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Preparation and Properties of a Flexible [Al.sub.2][O.sub.3]/Al/[Al.sub.2][O.sub.3] Composite.

1. Introduction

Microarc oxidation (MAO), a novel technique to form oxide-based layers with special properties on a metal substrate by plasma discharging in aqueous solution under high voltage, is gaining increased attention [1, 2]. With the introduction of MAO [Al.sub.2][O.sub.3] ceramic coatings on Al-based materials, wear resistance, corrosion resistance, mechanical strength, thermal shock resistance, and electrical insulation of aluminum or its alloys can be efficiently increased [3, 4].

MAO ceramic layers grown on the surface of aluminum and its alloy are usually divided into two regions [5]. The compact region mainly contains [alpha]- [Al.sub.2][O.sub.3], and the loose region mainly contains [gamma]- [Al.sub.2][O.sub.3]. The compact region of MAO coatings possesses excellent wear, corrosion, and chemical resistance [6, 7], and the loose region is generally applied based on its large specific surface area, for example, improving the heat exchange of cases and heat sinks, as well as the capacity of electrode foils [8]. There have been many studies on the fabrication of the MAO coatings that are mainly composed by the compact region [5, 9]. However, all of these MAO coatings are a kind of naturally brittle material and are usually assumed to be unbendable. The application of material with such unbendable MAO coatings is limited, especially in ceramic biomaterial. Moreover, very few studies have explored deformable loose MAO coatings or their other physical properties [10-12].

In this paper, the flexible alumina ceramic layers are fabricated on the surface of the aluminum foil using the MAO method. The composition, phase structure, microstructure, and physical properties, as well as flexibility mechanisms of the alumina layers are investigated. This composite has the potential to be applied as tailorable low-voltage insulation material.

2. Materials and Methods

50 [micro]m thick 1060 aluminum foil, which is essentially pure aluminum with a minimum 99 wt% aluminum content, was used to perform MAO in 15g/L [Na.sub.2]Si[O.sub.3] and 10g/L [(NaP[O.sub.3]).sub.6] solution. The MAO equipment (240H-III) consisted of a potential adjustable pulsed DC source. The power source was set to manual mode during the treatment process. The electrical parameters of the treatment process are shown in Table 1. The obtained coatings were cleaned with distilled water and dried in air to remove the residual electrolyte from their surface.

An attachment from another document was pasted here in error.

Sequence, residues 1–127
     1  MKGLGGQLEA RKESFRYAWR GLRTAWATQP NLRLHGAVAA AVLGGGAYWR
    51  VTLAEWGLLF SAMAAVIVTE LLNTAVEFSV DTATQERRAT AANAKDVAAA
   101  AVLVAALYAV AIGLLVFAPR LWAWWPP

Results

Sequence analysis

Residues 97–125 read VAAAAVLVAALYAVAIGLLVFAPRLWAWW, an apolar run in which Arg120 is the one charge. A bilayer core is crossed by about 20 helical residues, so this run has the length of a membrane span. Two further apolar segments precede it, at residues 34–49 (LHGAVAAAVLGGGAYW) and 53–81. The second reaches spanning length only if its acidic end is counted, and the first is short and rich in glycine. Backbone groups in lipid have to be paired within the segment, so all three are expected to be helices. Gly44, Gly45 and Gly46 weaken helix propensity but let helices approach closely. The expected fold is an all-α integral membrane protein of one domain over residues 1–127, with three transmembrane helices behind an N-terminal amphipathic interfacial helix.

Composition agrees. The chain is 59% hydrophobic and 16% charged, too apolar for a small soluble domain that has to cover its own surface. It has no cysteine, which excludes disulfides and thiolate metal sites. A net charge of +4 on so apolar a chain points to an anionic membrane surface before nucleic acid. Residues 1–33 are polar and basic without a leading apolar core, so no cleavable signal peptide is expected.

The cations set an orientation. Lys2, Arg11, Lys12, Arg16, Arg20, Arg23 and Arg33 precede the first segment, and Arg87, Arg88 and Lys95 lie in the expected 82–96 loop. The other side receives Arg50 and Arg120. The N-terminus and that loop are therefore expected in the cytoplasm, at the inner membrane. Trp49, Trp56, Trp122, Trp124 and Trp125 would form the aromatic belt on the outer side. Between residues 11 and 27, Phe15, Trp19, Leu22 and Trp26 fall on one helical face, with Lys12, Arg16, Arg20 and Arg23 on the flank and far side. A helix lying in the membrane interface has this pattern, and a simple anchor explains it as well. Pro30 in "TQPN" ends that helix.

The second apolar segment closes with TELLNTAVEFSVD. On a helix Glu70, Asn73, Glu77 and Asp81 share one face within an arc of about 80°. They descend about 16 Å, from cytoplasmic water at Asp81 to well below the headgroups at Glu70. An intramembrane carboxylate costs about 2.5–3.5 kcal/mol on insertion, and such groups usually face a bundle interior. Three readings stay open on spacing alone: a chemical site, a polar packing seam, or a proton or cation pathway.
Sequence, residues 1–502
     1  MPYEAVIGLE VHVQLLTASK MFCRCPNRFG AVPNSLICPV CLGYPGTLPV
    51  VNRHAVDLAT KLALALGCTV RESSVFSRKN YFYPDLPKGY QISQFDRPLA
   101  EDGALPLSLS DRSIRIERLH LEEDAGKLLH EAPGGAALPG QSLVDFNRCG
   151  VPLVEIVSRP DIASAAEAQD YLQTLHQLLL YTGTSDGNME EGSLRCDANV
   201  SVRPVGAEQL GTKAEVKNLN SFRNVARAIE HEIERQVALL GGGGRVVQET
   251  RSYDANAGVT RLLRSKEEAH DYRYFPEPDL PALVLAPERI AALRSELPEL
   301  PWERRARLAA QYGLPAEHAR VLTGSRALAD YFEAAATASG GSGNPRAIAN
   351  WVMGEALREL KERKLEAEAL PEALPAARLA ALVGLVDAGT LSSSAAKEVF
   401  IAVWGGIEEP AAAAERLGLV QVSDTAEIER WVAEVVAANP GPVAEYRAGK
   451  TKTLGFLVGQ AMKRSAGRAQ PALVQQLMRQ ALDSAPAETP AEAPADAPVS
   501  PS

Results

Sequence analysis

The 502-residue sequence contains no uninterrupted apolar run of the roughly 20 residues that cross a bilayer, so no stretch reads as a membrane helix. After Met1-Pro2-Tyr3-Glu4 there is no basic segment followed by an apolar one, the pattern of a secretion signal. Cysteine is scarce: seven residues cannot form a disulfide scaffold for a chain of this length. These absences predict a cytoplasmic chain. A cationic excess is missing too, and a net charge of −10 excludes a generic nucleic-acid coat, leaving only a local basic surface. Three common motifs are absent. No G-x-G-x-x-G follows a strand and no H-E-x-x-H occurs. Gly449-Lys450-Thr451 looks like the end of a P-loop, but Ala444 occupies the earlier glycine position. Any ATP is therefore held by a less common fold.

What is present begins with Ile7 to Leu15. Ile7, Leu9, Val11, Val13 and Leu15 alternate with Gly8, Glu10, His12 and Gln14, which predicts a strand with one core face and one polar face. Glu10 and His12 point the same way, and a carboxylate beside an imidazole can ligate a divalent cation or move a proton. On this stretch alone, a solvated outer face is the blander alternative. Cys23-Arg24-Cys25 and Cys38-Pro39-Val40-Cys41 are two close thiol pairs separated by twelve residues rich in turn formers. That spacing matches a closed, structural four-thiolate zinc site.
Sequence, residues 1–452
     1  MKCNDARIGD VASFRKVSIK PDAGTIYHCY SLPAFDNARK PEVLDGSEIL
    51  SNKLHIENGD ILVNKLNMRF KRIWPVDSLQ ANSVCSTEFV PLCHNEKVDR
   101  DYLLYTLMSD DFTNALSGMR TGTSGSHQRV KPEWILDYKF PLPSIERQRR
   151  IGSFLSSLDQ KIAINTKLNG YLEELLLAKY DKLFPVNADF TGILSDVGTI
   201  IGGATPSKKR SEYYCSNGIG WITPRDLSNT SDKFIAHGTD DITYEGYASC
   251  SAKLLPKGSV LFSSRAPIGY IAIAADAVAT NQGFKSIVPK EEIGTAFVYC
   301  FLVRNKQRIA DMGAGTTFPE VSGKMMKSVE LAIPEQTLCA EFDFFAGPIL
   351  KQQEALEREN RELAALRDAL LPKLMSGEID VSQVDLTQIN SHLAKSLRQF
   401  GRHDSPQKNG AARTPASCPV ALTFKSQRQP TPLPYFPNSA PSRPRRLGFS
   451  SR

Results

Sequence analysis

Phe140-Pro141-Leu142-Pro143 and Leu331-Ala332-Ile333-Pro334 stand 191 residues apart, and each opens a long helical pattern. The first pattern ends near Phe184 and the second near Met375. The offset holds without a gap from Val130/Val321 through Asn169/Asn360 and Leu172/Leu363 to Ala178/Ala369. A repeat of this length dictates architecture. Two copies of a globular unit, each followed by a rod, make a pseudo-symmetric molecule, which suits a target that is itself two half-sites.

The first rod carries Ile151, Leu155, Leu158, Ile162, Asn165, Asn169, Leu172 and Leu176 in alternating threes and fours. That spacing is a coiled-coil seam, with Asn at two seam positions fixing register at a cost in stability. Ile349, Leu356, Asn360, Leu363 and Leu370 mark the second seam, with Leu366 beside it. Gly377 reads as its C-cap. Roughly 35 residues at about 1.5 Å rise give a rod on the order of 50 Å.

The surface morphology, thickness, and microstructure of the MAO layers were observed in the JSM-7000F scanning electron microscope (SEM). The composition analysis was performed by energy-dispersive X-ray spectroscope (EDS) attached to another SEM (TESCAN MIRA3). Phase constitutes of the layers were examined by X-ray diffraction (XRD) with Cu k-[alpha] radiation.

To characterize the rapidity of heat propagation through the composite, the thermal diffusivity coefficient of the composite was measured using a LFA 457 laser flash apparatus. It had been set to measure three times under one temperature point (25[degrees]C) with the laser flash apparatus. Cowan model and pulse correction model have been applied by the accessional software named Netzsch Proteus to avoid the effect of the heat loss and that of the laser pulse width on the experimental results. The composite was cut into dimensions of 12.7 mm diameter. The thickness of the composite was measured by a micrometre. Three thickness measurements have been taken at three different dot positions of the composite, and the averaged result was used as the thickness of the measurement.